Examine the view that the nuclear family is universal /25 Sociologists are fascinated by how society is changing, they believe to some extent the family enables them to see how order has come about. Murdock suggested that the nuclear family is universal. He defined the nuclear family as ‘a social group characterised by common residence, economic, cooperation and reproduction. It includes adults of both sexes, at least two of whom maintain a socially approved sexual relationship, and one or more children, own or adopted, of the sexually cohabiting adults. This is because it fulfils four basic functions that help society and its individual members these functions being sexual, reproductive, economic and educational functions within the family. Murdock’s view on the family being universal has been challenged by various sociologists as they argue Murdock’s definition of the nuclear family cannot be applied to families around the world due to it being restrictive.
In 1949, Murdock took a sample of 250 societies in his study Social Structure. Murdock was writing in the 1940’s and therefore the view of the family being universal was most acceptable as it had fit to the norm of society at that time. Two people of opposite sexes who lived together to support their family and provide the emotional and financial needs was the nuclear family seen to be a universal socially accepted view.
The sexual function within the family provides stability for the adults, husband and wife have the right of sexual access with each other, allowing the family to strengthen and provide sexual gratification for spouses. The reproductive function of the family is the family being able to produce the next generation of individual’s s for society. The economic function means the mother and father are able to provide the essential needs for the family which include of food and shelter.
Lastly, the educational function within the nuclear family, this is when the family socialise the young into accepting the shared norms and values within society. Kathleen Gough disagreed with Murdock’s theory of the nuclear family and defined marriage as a relationship between a woman and one or more persons in which a child born to the woman ‘is given full birth-status rights’ common to normal member of society. In 1959, Gough researched into the Nayar society. Nayar girls were ritually married to a suitable Nayar man according to the Tali rite.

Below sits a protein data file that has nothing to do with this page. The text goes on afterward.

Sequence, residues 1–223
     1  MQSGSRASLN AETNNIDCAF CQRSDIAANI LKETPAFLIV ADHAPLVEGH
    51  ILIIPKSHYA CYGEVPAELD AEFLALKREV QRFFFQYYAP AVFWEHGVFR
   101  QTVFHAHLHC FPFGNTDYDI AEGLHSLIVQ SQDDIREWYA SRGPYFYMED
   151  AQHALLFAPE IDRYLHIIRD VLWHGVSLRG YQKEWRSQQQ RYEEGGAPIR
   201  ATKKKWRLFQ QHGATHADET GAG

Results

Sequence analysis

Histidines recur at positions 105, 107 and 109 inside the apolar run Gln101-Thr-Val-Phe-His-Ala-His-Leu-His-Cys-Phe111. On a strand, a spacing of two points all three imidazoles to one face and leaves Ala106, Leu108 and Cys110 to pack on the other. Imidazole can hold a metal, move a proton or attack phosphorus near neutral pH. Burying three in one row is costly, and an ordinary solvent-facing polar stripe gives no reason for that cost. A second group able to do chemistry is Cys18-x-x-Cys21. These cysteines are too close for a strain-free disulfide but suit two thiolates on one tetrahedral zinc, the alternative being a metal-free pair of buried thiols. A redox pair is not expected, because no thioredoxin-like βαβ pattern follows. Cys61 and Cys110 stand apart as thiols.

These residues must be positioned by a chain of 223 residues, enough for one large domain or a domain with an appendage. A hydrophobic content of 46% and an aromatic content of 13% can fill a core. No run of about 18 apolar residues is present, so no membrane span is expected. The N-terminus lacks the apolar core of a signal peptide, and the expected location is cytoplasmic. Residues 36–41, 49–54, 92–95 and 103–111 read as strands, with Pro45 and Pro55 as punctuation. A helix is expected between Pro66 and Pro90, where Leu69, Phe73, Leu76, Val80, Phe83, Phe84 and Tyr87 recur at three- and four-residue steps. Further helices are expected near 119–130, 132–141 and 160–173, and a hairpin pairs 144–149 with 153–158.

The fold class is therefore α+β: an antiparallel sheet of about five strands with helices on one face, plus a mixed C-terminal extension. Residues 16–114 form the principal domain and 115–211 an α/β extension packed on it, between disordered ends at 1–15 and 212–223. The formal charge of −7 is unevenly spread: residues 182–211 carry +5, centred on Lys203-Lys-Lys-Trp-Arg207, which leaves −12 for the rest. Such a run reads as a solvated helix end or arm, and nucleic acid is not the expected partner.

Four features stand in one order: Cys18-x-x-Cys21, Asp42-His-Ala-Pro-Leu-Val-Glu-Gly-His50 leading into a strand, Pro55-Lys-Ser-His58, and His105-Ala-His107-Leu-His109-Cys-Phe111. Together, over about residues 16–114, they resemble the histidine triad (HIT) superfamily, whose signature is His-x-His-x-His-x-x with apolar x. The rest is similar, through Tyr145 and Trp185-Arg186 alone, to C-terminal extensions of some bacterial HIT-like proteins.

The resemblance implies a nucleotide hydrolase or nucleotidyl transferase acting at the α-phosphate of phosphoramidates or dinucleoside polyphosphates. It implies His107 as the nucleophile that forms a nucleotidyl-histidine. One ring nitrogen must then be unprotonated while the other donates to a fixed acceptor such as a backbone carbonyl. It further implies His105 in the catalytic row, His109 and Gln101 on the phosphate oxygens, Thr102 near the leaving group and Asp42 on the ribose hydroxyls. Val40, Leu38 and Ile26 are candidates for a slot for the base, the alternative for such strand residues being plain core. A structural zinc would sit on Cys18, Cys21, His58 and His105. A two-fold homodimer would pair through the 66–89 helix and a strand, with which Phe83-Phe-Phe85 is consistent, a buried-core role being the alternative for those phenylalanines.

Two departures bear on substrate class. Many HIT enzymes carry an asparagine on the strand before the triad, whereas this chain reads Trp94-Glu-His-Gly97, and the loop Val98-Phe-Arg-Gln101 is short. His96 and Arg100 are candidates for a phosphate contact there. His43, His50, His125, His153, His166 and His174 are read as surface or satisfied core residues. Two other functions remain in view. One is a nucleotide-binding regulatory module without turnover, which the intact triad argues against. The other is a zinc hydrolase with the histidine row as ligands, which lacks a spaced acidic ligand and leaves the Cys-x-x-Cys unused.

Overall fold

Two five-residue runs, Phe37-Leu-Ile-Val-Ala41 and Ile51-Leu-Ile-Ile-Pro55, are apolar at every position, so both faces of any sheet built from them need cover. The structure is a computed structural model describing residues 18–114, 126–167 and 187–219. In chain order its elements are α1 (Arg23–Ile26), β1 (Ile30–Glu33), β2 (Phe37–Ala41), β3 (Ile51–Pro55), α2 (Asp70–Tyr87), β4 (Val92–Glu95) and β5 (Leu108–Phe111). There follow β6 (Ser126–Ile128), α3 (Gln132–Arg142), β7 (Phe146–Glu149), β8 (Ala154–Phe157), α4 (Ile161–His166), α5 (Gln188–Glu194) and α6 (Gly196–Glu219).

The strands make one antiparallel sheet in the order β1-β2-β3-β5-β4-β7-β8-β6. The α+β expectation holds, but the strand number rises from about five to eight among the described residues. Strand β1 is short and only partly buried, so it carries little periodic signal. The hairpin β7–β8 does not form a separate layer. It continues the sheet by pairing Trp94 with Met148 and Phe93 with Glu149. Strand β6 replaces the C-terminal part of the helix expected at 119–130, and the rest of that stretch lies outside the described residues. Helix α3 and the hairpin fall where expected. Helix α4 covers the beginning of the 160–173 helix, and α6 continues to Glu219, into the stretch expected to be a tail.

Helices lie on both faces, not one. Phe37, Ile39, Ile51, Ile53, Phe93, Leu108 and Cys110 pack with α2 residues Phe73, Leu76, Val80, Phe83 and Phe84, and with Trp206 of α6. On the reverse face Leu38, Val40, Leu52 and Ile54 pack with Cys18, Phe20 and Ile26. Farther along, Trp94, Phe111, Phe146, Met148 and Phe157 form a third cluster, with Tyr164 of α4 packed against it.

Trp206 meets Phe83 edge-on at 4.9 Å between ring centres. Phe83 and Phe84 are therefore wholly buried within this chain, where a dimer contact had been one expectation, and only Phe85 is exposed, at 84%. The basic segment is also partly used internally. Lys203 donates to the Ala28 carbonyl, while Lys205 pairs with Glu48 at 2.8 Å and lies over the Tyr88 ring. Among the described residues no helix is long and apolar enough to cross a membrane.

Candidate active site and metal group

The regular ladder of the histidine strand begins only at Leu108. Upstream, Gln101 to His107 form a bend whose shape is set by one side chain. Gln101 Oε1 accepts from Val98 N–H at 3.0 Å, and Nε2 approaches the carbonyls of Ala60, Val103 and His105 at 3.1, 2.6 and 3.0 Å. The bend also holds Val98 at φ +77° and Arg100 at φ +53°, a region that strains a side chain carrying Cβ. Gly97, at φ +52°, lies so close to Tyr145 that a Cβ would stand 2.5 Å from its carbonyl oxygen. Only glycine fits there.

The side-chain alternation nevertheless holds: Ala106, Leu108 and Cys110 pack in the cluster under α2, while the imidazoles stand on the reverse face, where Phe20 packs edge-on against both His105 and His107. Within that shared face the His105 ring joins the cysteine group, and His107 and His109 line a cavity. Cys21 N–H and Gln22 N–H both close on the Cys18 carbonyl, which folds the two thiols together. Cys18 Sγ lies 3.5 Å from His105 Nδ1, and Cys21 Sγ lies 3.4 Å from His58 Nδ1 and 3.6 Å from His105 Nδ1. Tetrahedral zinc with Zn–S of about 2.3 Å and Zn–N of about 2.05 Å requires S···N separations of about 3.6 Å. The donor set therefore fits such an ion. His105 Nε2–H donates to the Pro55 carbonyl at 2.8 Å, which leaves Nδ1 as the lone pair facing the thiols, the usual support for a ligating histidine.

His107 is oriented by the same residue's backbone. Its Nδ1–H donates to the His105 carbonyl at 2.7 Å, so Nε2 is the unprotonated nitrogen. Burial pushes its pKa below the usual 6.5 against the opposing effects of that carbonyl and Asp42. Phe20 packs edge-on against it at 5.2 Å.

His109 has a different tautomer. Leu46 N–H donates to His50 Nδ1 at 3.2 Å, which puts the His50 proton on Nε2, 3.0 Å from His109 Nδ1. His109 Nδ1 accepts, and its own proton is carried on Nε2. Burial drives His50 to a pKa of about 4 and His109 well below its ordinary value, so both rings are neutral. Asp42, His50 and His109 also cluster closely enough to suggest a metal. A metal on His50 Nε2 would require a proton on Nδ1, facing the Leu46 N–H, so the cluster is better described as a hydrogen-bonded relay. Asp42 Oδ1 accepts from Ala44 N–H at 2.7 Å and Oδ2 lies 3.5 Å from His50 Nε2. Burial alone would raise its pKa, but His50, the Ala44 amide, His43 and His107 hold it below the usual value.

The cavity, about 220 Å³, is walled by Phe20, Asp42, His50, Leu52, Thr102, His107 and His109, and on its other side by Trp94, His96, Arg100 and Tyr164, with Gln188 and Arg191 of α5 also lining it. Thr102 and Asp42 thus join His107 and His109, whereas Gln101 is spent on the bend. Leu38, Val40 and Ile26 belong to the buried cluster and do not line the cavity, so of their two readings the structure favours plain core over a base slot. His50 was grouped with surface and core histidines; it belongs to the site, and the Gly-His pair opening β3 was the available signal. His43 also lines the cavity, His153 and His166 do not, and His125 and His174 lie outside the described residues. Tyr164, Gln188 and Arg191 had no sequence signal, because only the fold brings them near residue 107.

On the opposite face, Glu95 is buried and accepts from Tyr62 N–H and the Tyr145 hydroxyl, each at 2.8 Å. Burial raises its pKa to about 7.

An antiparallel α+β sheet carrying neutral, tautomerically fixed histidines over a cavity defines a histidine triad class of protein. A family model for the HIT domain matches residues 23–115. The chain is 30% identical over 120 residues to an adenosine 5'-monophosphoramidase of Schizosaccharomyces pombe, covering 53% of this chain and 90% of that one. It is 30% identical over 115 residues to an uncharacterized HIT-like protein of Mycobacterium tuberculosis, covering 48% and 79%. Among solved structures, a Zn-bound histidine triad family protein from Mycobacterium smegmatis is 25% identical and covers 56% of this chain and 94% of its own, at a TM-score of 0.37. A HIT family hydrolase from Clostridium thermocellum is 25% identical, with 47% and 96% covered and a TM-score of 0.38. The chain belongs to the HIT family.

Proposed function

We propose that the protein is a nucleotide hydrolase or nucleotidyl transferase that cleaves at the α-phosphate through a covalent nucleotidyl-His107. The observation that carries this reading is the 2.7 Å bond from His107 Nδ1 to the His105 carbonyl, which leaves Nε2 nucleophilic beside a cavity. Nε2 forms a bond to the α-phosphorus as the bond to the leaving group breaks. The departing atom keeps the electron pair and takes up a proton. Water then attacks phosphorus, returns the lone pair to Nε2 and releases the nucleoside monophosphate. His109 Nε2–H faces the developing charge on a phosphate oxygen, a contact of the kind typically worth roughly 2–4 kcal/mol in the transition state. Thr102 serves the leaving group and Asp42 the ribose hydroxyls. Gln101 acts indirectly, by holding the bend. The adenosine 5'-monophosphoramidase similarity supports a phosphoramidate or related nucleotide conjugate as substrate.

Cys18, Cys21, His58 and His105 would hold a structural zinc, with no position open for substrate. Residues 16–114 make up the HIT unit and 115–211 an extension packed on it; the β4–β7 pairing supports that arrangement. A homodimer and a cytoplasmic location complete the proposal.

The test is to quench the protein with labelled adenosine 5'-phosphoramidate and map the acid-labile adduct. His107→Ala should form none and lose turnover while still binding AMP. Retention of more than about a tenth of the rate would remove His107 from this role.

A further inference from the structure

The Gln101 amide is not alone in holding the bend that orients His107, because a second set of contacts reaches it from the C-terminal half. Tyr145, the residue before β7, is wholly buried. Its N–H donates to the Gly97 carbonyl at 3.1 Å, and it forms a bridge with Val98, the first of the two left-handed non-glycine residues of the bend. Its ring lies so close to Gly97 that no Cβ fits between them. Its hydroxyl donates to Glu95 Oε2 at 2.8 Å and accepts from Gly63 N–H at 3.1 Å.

According to this rite husbands did not live or take responsibility for the wife and children, the woman’s only responsibly to the man however was to mourn for his death. Men were allowed to have an unlimited number of sandbanham wives whilst the woman was limited to no more than twelve. Gough’s study can be seen as reliable to an extent that nuclear families are not in fact universal, the sandbanham husbands have no duty to their wives and children and therefore do not play the ‘fatherly’ role and therefore do not help socialise the child.
This would mean Murdock’s educational and economical functions of the family are not universal functions. Therefore Gough concluded from her study that the Nayar society was a matrilineal family meaning that the name of the family follows your mother’s family tree rather than the fathers. However, it still challenges Murdock’s view of the nuclear family being universal due to there being many different family groups around the world with different cultural views.
Matrifocal (female-headed) and one-parent families are becoming more common in Britain today. Yanina Sheeran said that the female-carer core is the most basic family unit “the female-carer unit is the foundation of the single-mother family, the two parent family, and the extended family in it many forms. ” Tiger and Shepher (1975) say that the active life of the family household is controlled by the women. Father-child interaction is often ‘managed’ by the mother.
This is because the mother plays a bigger role essentially in the family household because women have the biological ability to have children, and also due to there being ideologies about motherhood such as the mother nurtures for the child and does everything she can to provide for her child. Gonzales in 1970 argued that the female headed families were a well organised social group which represented a positive adaption to the circumstances of poverty.
Some households may not contain adults of both sexes; this is known as the gay or lesbian families. Lesbian families are more common as opposed to gay families this is due to the difficulties that gay men will have to adopt or be granted custody of the children whereas for the lesbian household, the woman is able to conceive a child and will have the mother’s right to look after her child. Callaban (1997) argues that gay or lesbian household should be seen as families regardless of not being a male and female based parental family.
The child either way will be educated and therefore socialised into the norms of values of society. However, the gay and lesbian household do represent a minority of families. Though there are many different cultural norms and values, the nuclear family can be said to be universal. Essentially the majority of countries within the world there are people of opposite sexes who live together and support each other and their family by providing the emotional and financial needs.